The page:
Sign In
Are you a doctor?

Diabetes Care and Where to Get Help in Hamilton

Jasmine Fong
Within the last ten years the rate for diabetes has doubled and this rate continues to increase. At that point, in Canada 1 in 3 people will be living with diabetes or prediabetes [1]. The United States is stereotypically known for their high obesity rates. So illnesses that stem from obesity should be found most prevalent in the States, right? Yet diabetes, an illness that goes hand in hand with obesity has higher rates in Canada. Yes, it’s true, Canada holds second place in diabetes prevalence. In first place is New Zealand, and third is held by the United States [2]. But what is diabetes?

In a healthy body, blood sugar levels are monitored and taken care of properly. When these levels get too high, beta cells in the pancreas release insulin (a hormone that causes cells to use up some of the sugar). This process isn’t the same for someone with diabetes.

Type 1 diabetes is fairly rare and cannot be prevented, affecting about 5-10% of those suffering with diabetes. In this form of diabetes, the immune system kills off the beta cells in the pancreas and as a result there is little to no insulin that is released. With nothing controlling the blood sugar levels, they continue to rise.

Type 2 diabetes is much more common, affecting about 90% of those that are affected by diabetes. In type 2, the body is still making insulin. However, it just doesn’t make enough or it’s not used properly. Both type 1 and type 2 result in high blood sugar levels as the sugar isn’t be used for energy and stays in the blood.

diabetes types With the diabetes epidemic in Canada there are many supports that can be found in Hamilton alone. The Hamilton Health Sciences, The Hamilton Family Health Team (HFHT), and St. Joseph’s Healthcare are only three of the many services available.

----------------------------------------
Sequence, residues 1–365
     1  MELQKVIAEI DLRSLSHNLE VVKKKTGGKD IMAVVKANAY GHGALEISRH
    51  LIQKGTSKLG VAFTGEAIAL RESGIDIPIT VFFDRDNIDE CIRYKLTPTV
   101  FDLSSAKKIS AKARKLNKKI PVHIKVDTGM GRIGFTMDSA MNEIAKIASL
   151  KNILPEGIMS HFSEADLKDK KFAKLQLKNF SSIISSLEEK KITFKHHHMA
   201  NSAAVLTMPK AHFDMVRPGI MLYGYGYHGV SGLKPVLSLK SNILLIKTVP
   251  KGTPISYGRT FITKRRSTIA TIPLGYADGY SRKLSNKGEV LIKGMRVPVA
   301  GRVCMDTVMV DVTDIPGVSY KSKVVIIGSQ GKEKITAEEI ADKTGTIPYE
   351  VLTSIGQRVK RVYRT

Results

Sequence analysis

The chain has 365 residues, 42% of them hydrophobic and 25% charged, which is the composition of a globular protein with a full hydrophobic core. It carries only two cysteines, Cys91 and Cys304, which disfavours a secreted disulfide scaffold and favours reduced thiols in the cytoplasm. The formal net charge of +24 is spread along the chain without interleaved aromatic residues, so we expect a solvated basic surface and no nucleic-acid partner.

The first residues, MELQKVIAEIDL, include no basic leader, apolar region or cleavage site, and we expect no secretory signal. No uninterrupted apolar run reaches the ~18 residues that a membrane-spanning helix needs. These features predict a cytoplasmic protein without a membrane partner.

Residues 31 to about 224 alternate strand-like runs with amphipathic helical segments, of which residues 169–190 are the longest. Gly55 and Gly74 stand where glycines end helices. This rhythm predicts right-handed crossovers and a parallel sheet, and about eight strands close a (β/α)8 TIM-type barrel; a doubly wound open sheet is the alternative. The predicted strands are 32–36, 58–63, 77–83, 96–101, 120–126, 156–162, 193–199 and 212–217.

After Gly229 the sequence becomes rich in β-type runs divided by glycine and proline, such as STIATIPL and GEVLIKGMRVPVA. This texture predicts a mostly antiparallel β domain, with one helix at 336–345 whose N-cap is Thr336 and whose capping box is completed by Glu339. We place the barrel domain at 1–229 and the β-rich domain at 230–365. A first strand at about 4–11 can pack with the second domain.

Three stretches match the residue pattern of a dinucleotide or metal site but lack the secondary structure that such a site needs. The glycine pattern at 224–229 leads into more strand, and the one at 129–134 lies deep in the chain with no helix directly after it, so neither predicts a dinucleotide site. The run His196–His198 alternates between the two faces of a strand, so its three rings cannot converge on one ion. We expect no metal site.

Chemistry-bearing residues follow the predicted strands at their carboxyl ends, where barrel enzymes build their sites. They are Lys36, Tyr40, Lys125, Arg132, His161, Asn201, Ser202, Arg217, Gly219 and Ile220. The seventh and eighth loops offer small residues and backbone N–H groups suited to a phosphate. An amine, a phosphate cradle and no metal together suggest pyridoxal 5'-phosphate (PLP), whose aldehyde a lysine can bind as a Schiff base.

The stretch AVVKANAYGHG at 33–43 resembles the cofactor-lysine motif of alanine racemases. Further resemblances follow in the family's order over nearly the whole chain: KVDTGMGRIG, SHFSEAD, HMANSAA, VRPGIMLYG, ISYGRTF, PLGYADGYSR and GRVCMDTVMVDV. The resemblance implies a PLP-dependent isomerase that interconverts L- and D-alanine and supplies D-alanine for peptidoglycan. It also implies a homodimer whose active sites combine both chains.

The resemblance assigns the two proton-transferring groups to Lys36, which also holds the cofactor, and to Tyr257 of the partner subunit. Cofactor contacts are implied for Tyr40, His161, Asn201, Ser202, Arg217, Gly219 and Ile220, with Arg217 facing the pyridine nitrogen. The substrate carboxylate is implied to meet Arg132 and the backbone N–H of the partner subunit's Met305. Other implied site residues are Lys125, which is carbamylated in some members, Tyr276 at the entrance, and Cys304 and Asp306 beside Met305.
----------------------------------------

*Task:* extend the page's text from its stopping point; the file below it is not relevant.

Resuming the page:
Hamilton Health Sciences has a Diabetes Care and Research Program (DCRP). Found in the McMaster University Medical Centre on 1200 Main Street West, this program supports those with diabetes, offers classes for proper management and has the proper health professionals for aid. This program offers outpatient help for adults and can answer any questions that someone with diabetes or someone caring for a person with diabetes may have.

The Hamilton Family Health Team (HFHT) works as an information centre. Giving support and classes, and helping the individual get the resources they need. With doctors and dietitians employed as part of the team, HFHT can help individuals diagnose and receive treatment for their diabetes. HFHT also holds diabetes workshops and that can help really flip those bad habits around! Nestled in 123 James St. N. help can be easily accessed.

St. Joseph’s Hamilton Healthcare also has their own Centre for Diabetes Care and Education. Found at the West 5th and King Campus locations, staff work to assess, educate, treat and support individuals in all stages of diabetes. Those who have been diagnosed, are at risk, or have pre-diabetes. This program also offers a variety of tools, resources and supports that patients can use. These include support groups, one on one sessions, and a care team! All steps to ensure that patients are well looked after.